Doesn't follow the time line, at all, but it does contain spoilers.
- - -
Follow your heart is such an impractical, ridiculous concept, because the heart likes to play tricks and change its mind and falter. Kagura doesn't trust her heart, because it is the part of her that is still connected to Naraku, that beats out her secrets and weaknesses into his palm, but she trusts her head and her instincts and Some Day.
Follow your heart is such impractical, ridiculous advice, but it's the only advice Kagura has, so she does.
- - -
Sesshoumaru has reached an impasse in his life.
His dilemma is this: Kagura is going to die. Thus far he's been a man of inaction, but doing nothing won't stop it from being done. Compassion, he knows, would kill her faster.
But then it wouldn't be painless.
- - -
I think, she tells him one afternoon, when the heat is so stifling the only way to escape it is in sleep, I've greatly overestimated you.
Sesshoumaru doesn't like talking to Kagura. He likens her to a corpse, and every word he spends on her is one more she's going to bury in her grave. Sesshoumaru doesn't like talking in general, because it's all such a waste. It's time she should be spending saving herself, instead of draping herself on his arm and waiting for the axe to fall. (She imagines on Naraku's neck. Sesshoumaru does not correct her, because that is useless, too.)
And the real truth of the matter is that she underestimated him. Sesshoumaru's kind it odd ways, and one of his ways is to make sure he expects nothing from anyone.
- - -
Kagura wants to live.
She wants it as badly as an animal caught in a trap wants it. She is gnaw-off-her-own-foot desperate for life.
But then, he explains, you would have no way to stand.
Kagura fancies Sesshoumaru could be just the one to carry her afterward.
You're wrong, he says. I already gnawed off my arm. I can't carry anyone.
But he wants to.
He never wanted to when he could.
Tenseiga throbs in place of his injury.
- - -
Kagura wants freedom. She wants the rolling, grassy plains; the bright morning sunlight; the gentle evening breeze; the birds; the trees; the harmony; the sugar-floss rose-tinted world.
Sesshoumaru thinks Kagura is in love with nonsense. He thinks it would be a horrible tragedy if she ever did get what she longed for.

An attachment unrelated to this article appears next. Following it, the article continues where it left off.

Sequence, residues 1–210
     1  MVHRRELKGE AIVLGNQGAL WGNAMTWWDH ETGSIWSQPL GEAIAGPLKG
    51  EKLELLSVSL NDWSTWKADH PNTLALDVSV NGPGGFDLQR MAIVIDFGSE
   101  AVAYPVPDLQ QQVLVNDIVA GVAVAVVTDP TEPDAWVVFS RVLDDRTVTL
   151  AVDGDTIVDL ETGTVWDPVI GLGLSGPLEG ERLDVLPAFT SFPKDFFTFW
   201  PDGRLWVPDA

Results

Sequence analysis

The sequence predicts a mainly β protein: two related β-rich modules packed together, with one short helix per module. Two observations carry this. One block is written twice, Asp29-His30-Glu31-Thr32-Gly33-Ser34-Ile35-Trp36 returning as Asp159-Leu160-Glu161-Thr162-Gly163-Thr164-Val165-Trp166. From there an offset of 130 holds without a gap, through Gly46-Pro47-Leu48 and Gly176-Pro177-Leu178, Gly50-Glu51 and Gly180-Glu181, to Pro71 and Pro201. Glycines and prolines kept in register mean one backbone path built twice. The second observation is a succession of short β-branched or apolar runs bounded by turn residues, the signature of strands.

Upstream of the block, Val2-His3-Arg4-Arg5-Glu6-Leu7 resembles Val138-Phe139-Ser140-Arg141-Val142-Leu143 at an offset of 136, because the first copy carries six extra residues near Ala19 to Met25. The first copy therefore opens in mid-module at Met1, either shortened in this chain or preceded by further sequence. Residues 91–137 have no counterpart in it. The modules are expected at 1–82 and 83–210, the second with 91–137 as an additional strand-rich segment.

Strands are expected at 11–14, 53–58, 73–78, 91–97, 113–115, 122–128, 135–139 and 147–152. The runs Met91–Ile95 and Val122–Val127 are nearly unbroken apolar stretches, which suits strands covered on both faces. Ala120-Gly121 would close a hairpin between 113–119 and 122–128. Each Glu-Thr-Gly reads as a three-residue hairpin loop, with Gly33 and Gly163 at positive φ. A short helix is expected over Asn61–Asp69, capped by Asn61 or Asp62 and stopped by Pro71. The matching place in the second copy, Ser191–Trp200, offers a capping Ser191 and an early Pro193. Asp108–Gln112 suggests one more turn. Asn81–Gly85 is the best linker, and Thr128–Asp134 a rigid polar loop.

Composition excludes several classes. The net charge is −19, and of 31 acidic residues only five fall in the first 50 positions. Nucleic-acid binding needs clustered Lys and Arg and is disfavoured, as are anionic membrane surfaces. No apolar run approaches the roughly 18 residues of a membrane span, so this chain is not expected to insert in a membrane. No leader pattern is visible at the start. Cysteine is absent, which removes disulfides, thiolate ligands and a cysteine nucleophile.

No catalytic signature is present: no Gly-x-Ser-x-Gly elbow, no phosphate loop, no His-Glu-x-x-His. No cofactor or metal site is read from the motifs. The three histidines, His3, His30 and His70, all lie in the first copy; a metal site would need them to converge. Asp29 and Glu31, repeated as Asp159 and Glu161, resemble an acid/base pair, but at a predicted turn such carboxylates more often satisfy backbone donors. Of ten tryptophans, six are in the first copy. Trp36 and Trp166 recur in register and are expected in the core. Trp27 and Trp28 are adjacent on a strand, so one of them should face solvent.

He thinks she is more free than most could ever wish to be.
Kagura tells him he is free, and glares while she says it, as if it is his fault he is and she is not. And maybe, in her head, it is. He doesn't care. He's been blamed for worse. He's free to die, and free to wander homeless; free to mistakes, free to loss, free to hunger, free to disgust and disgrace and disappointment.
Kagura does not have her heart in her possession, so it does not weigh her down.
He envies that. A stone heart is heavier.
- - -
Afterward, they say he has changed for the better, and earned a better sword, and redemption, and a whole slew of things he probably shouldn't.
The truth is, he preferred himself before. Doesn't anyone realize, he wonders, putting a crack in an ice heart is another way of saying you broke it?
- - -
Kagura is free falling, in the end, and Sesshoumaru is getting really tired of being right. He couldn't catch her, even if he tried.
(He knows because he did try.)
Sesshoumaru doesn't blink often. He does everything a human does - he simply does it less and later. He loved like a human does, but it was too little too late.
In the scope of his life, the months he knew her would stack up to nothing against years of years. She was a blot of ink, not even worth a footnote. Blink and you would miss her.
When Kagura died it occurred to him that he was only just living.
And he missed her.
- - -